Najee Ali, an LA-based activist, says he is calling for thousands to contact the judge in the case to push for the maximum possible sentence. “Unless he is sentenced to the maximum, there is no justice in this case,” says Mr. Ali. Sentencing is expected August 6.
Confusion on the difference between the possible verdicts – involuntary manslaughter, voluntary manslaughter, and second-degree murder – may have contributed to the outrage surrounding the outcome. "From the legal standpoint, I think there is much confusion about the difference between murder, voluntary, and involuntary manslaughter," says Los Angeles attorney Peter Berlin.
"Clearly, the jury did not believe Mehserle had the requisite intent necessary for murder or voluntary manslaughter," he says. "The fact the Mehserle’s act was 'voluntary' has nothing to do with his intent according to the jury. "Voluntary" and "involuntary" are legal terms misunderstood by many lay people, Mr Berlin adds.
Calm, then violence in Oakland
After the jury of eight women and four men – none black – announced their verdict, hundreds of people gathered in downtown Oakland for planned vigils.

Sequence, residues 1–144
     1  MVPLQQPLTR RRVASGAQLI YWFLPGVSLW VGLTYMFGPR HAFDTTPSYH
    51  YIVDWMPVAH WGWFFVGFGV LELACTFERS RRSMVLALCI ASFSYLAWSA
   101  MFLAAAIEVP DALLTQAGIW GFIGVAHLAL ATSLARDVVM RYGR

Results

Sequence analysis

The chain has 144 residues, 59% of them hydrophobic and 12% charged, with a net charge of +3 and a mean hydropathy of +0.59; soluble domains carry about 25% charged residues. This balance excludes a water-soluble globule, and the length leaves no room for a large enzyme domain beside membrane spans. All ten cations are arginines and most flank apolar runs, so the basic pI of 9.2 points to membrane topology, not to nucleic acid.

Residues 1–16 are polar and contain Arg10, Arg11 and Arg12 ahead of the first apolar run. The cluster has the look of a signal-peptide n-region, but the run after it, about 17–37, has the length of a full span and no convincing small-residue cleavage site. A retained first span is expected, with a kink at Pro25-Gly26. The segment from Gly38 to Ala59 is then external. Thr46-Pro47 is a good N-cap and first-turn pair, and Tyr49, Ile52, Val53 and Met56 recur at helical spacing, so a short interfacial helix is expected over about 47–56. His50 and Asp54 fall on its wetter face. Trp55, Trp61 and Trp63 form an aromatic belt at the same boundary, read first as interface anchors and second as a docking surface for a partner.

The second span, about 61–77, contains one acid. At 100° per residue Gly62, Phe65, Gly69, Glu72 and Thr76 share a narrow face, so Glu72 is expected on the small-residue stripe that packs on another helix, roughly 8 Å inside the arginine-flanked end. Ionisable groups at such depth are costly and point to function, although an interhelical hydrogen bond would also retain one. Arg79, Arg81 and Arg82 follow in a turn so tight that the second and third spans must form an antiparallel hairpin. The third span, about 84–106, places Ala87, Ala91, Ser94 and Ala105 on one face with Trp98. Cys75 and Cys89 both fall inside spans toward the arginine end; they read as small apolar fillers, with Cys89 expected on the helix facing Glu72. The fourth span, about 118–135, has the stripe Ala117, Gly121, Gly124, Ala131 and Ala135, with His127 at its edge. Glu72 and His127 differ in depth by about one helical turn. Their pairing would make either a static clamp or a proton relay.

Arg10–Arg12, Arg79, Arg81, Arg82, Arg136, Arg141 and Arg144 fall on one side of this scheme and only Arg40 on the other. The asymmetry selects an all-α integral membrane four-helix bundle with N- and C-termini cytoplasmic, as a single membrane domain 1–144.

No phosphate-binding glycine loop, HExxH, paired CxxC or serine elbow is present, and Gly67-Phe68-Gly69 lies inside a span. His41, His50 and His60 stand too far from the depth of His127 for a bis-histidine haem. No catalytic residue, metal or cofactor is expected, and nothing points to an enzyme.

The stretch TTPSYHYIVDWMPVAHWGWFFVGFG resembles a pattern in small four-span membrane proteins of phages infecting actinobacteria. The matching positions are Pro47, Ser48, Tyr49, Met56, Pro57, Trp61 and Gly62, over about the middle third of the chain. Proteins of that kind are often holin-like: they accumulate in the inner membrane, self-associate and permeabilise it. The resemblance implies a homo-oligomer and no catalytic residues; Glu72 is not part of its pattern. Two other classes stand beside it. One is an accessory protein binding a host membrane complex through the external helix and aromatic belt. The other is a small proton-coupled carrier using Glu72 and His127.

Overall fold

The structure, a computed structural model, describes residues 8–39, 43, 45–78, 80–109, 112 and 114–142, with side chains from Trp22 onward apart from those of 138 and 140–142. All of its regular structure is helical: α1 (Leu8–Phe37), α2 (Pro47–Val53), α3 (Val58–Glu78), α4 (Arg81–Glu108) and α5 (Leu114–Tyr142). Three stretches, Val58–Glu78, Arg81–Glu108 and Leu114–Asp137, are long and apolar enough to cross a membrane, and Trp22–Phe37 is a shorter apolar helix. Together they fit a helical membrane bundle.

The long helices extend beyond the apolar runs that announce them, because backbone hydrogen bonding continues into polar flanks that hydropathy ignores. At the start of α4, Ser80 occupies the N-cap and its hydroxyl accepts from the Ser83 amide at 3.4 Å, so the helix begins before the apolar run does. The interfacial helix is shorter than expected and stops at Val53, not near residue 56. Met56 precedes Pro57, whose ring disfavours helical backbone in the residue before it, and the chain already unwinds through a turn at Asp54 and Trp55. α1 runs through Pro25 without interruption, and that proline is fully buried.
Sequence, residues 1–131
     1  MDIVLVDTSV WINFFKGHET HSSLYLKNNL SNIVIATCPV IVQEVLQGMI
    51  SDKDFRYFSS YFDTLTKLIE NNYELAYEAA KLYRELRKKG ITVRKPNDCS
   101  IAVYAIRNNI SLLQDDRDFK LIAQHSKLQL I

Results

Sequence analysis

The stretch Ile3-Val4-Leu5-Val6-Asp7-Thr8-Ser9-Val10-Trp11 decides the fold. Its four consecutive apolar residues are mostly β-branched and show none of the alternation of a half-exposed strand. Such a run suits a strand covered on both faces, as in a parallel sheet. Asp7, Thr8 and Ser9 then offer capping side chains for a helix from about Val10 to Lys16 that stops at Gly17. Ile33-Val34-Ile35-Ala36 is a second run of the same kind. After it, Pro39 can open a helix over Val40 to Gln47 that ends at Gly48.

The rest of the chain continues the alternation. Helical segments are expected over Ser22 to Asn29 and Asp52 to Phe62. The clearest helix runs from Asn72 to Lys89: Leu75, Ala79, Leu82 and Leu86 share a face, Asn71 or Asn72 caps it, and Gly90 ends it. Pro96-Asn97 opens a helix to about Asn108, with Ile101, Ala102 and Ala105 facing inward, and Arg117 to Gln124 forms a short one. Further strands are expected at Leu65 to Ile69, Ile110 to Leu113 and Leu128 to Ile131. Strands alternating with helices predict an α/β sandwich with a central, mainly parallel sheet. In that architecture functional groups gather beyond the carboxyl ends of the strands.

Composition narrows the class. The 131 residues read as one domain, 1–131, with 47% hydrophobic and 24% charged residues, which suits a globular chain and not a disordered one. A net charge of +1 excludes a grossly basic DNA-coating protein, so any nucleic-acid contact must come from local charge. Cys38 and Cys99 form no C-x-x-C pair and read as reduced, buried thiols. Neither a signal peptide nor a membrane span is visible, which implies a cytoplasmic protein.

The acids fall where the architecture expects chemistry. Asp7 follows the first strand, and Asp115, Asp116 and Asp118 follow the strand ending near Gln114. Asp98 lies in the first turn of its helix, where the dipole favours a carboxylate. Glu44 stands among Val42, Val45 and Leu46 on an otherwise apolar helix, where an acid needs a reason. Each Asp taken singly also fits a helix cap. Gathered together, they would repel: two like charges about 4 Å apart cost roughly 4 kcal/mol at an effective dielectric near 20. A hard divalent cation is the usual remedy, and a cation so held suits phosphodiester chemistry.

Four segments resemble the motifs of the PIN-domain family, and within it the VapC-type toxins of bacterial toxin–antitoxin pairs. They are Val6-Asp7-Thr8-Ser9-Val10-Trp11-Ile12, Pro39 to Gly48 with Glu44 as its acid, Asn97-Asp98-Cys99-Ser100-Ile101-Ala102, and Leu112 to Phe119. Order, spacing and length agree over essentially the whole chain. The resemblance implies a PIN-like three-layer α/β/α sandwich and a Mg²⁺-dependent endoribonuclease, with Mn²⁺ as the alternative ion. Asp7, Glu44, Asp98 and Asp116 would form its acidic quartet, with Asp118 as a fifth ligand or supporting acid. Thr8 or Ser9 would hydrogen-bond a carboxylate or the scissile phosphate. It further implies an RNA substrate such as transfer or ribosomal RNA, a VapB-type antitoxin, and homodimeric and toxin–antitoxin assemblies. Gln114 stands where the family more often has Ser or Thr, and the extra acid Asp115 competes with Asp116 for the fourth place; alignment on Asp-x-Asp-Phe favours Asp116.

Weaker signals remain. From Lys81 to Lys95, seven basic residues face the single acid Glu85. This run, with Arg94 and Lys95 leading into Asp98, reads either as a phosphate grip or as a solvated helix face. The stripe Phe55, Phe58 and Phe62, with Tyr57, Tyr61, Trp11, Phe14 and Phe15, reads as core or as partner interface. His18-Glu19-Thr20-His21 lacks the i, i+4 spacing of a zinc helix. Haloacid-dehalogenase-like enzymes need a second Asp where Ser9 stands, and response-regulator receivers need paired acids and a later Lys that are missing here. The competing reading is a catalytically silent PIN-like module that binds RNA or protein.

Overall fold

Reports from the scene said it started out quietly, but as the night wore it brought with it an outbreak of violence. Hundreds of law enforcement officers from across the Bay Area converged on the area to help local police quell protests that included looting, smashed windows, ignited trash bins and fireworks.
A Foot Locker store was looted in the melee, which gives credence to claims that the violence was the result of "outside agitators," and not people invested in the case. “Before the sun went down, I was happy with everything," protester Stephen Allen told the Oakland Tribune. "The people who went in there and came out with shoes, that's not about Oscar Grant anymore. What we had before the sun went down, that was justice. This is just pure stupidity."